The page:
My surface is myself. / Under which / to witness, youth is / buried. Roots? // Everybody has roots.

Mirror, mirror, I call you Weird. Urd. Wisest of the three sisters who guard the deepest of the three springs that water the roots of the ash tree Yggdrasil, sustainer of the worlds. Water still enough to reflect clearly but never stagnating, renewed continually from the ground and from the sky.

. . . grubbing the page / (the burning page) / like a worm – for enlightenment // Of which we drink and are drunk and in the end / are destroyed . . .

Old words from dead tongues: ORLAUG: “Personal destiny”? Not so immutable. “Well-being”? More portentious than that. NORN: “Goddesses of Fate”? Not goddesses. Not Fate. DISIR: “Guardian angels”? Not by a long shot. The word means women. And while they may be invisible, when they show themselves they are solid presences.

Who are these people (how complex / the mathematic) among whom I see myself / in the regularly ordered plateglass of / his thoughts, glimmering before shoes and bicycles? / They walk incommunicado, the / equation is beyond solution, yet / its sense is clear –

FYLGJA: “Fetch,” itself nearly an obsolete word. The one that follows. The double-which-may-be-animal-but-is-usually-woman. VALKYRJA, HAMINGJA: More supernatural women. Impossible now to sort out which were synonyms, which were regional variants, which were inherited from the ancestors (both male and female lines), which died with the death of their human charge, which accompanied it to which of multiple afterlife destinations. In the sagas, when a man meets a strange and beautiful woman who somehow reminds him of himself, that is the signal to turn fey (another nearly obsolete word). To go forward into death with eyes wide open.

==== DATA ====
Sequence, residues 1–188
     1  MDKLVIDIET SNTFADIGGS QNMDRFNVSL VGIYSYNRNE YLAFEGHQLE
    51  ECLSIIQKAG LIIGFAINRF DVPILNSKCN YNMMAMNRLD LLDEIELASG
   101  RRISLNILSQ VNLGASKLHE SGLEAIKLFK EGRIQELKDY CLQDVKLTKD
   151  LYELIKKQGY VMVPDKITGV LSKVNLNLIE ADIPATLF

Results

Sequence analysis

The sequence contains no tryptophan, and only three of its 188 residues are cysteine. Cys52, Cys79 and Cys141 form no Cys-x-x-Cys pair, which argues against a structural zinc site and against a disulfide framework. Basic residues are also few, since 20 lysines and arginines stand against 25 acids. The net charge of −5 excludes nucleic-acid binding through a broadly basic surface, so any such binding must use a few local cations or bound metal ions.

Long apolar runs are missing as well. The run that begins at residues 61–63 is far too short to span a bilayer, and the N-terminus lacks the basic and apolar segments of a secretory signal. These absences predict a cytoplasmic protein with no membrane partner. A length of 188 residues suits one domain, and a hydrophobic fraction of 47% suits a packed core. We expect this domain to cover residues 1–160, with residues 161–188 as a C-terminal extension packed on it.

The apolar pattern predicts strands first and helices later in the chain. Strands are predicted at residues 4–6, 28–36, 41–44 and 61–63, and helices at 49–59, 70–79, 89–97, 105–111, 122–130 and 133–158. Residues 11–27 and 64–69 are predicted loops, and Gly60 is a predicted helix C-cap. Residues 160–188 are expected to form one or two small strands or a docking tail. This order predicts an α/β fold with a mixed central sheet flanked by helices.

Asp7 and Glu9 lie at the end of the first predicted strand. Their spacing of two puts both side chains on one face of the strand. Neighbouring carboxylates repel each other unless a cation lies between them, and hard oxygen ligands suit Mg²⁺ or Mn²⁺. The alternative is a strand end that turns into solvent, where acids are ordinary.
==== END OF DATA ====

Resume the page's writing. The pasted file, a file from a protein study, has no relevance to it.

Haunted by your beauty (I said), / exalted and not easily to be attained, the / whole scene is haunted: / Take off your clothes, / (I said) / Haunted, the quietness of your face / is a quietness, real . . .

But it is true, they fear / it more than death, beauty is feared / more than death, more than they fear death

The fetch is steadfast, but sometimes a bad man’s dis may work his doom. The disir are zealous for justice. According to one theory, they are Freya’s equivalent of the valkyries. But what about this doom? It seems it is not unalterable, it can be commuted in some circumstances. From the tapestry of Urd a seer or seeress can undo a few, critical threads.

Not prophesy! NOT prophesy! / but the thing itself!

Even Ragarnok, the doom of the Aesir, is a beginning as well as an ending. Fenrir is in some sense only

A tapestry hound / with his thread teeth drawing crimson from / the throat of the unicorn

What can we know? Snorri calls Odin the All-father, but he is flesh-and-blood, no Yahweh. He is a trickster, a shapeshifter, a supernatural being who is himself on a quest for wisdom. For poetry he turned into a serpent, slept with a giantess, risked his life. For the mead of poetry, which tells the truth through riddles and by rearranging the order of things.

. . . A poem is a complete little universe. It exists separately. Any poem that has worth expresses the life of the poet. It gives a view of what the poet is . . .

Q. Aren’t we supposed to understand it?

A. There is a difference of [sic] poetry and the sense . . .

Q. But shouldn’t a word mean something when you see it?